Ever since the 19th century, communism has been a punishable heresy. However, there were only two members of the early 20th century Curia that had personal contact with communism: Achille Ratti, the later Pope Pius XI, as nuncio in Poland and Eugenio Pacelli, the later Pope Pius XII, as nuncio in Munich. Their attitude towards the fascist and national-socialist movements in Italy and Germany in the 1920s and 1930s was much more conciliatory than their stance towards communism. While Ratti and Pacelli were unable to find a modus vivendi with the communist regime in the Soviet Union, they negotiated the Lateran Accords with Mussolini and the Reichskonkordat with Hitler. On the basis of new documents, mainly drawn from the Pacelli-edition, and with the help of psychological and biographical theories, the article discusses how far these experiences were imprinting and whether they influenced the anti-communism of both as popes.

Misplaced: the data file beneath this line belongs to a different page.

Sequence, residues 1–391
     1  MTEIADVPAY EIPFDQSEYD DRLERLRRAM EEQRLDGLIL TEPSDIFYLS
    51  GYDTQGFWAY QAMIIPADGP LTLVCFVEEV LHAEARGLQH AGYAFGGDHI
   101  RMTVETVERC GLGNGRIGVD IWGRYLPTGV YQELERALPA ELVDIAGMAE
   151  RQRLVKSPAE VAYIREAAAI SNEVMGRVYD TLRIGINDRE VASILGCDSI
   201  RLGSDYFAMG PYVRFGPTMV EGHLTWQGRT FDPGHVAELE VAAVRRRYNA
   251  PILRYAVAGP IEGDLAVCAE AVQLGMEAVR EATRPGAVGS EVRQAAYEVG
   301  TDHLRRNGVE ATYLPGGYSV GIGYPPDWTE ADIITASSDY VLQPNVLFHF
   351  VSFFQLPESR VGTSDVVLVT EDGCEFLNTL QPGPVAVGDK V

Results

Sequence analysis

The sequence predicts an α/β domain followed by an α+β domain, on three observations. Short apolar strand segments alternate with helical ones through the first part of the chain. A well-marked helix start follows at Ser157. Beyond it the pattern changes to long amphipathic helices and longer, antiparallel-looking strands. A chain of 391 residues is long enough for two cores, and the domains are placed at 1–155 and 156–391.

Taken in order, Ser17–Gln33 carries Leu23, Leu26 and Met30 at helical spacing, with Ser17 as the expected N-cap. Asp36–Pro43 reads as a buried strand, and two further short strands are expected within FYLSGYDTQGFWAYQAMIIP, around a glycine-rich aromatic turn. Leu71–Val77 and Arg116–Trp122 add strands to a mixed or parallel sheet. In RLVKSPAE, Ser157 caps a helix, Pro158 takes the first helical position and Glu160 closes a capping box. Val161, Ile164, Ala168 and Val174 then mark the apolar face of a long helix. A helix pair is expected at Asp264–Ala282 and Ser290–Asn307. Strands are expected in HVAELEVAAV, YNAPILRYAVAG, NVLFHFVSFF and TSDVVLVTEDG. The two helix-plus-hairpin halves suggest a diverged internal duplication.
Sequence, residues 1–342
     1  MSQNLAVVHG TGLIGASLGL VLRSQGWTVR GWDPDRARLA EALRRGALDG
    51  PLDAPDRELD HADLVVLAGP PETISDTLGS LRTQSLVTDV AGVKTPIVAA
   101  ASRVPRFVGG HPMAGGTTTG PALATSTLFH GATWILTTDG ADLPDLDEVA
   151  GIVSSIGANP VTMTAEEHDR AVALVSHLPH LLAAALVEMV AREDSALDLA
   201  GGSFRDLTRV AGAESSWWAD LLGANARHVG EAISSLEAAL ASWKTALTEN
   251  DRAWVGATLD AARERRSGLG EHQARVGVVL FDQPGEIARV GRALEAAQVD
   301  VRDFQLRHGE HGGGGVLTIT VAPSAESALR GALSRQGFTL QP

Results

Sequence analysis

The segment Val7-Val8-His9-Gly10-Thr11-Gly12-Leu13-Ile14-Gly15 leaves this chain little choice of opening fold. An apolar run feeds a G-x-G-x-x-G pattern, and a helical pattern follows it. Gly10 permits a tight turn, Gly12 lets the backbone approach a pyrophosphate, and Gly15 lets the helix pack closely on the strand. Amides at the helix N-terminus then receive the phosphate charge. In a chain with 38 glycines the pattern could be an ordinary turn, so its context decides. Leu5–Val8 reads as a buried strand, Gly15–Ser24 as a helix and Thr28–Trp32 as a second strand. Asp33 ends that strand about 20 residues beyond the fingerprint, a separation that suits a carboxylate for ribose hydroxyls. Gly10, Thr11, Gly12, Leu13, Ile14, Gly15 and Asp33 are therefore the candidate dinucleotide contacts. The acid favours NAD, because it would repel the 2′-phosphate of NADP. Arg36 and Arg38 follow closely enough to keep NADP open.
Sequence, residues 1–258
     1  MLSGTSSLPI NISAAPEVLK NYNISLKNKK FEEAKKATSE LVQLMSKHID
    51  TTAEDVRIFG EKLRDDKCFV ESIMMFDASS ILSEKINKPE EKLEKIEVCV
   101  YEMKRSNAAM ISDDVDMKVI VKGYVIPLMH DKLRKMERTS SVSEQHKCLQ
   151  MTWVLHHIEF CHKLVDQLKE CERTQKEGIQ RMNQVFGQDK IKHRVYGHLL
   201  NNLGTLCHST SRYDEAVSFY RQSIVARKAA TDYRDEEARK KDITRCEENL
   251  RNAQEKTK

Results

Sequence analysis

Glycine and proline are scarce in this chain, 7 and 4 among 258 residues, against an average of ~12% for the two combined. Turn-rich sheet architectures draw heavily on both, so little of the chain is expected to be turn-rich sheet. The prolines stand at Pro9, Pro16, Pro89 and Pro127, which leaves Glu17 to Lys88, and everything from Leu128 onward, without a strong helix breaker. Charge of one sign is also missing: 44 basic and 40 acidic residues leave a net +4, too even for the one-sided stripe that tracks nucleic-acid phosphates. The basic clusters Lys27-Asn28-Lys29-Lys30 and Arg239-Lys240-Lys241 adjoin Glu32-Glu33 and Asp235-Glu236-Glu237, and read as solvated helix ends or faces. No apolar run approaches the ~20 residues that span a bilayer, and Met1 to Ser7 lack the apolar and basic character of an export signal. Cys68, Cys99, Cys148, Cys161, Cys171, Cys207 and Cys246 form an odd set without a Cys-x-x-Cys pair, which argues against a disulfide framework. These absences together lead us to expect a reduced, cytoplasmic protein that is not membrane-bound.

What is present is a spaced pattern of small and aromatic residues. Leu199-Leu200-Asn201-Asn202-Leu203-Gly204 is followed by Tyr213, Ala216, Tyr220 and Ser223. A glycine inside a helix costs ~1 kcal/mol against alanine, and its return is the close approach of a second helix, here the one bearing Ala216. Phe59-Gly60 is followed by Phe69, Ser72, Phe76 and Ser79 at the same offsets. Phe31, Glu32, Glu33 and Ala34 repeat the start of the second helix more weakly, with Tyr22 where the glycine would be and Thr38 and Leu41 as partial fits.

Eugenio Pacelli. Anticomunism. Bavarian Soviet Republik (Bayerische Räterepublik).